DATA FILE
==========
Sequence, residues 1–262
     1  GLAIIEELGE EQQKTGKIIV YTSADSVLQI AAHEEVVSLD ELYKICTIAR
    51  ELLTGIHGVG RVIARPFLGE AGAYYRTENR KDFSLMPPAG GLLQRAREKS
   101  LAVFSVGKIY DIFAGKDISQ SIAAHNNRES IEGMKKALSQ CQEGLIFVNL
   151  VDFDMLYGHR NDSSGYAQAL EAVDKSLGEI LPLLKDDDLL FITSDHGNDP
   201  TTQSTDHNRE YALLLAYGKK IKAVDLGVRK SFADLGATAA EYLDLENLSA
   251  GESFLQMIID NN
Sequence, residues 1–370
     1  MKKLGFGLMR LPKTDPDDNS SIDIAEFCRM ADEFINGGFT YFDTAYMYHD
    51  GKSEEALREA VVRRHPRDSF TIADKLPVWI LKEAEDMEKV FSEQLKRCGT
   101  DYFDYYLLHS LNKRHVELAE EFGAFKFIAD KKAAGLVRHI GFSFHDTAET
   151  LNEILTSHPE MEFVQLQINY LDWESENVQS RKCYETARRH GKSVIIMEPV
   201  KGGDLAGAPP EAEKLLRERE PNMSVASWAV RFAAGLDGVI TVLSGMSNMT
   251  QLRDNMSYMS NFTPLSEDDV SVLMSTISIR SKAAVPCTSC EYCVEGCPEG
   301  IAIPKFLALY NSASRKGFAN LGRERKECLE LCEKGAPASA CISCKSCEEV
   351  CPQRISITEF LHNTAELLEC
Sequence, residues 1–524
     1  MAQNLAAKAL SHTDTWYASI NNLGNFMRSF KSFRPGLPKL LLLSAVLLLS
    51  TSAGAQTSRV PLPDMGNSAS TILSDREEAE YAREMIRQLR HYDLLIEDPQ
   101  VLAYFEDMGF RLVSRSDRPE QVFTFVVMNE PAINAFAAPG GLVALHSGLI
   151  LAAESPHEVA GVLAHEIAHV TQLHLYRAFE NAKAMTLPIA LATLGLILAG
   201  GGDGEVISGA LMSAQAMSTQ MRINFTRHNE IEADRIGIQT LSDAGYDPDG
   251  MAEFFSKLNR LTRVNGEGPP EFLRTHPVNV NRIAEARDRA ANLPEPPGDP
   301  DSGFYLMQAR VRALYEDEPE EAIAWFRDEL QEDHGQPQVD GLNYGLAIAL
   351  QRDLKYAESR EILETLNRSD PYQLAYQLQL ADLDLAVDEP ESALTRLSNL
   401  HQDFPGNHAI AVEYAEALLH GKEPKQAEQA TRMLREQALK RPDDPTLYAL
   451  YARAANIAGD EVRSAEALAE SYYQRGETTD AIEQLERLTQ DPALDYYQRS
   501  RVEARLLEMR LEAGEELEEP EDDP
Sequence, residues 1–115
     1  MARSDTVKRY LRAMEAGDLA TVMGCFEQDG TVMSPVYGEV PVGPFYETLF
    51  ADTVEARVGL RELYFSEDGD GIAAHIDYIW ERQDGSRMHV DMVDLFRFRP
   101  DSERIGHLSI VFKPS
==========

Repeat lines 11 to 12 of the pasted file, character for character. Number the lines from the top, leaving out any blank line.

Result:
   101  DYFDYYLLHS LNKRHVELAE EFGAFKFIAD KKAAGLVRHI GFSFHDTAET
   151  LNEILTSHPE MEFVQLQINY LDWESENVQS RKCYETARRH GKSVIIMEPV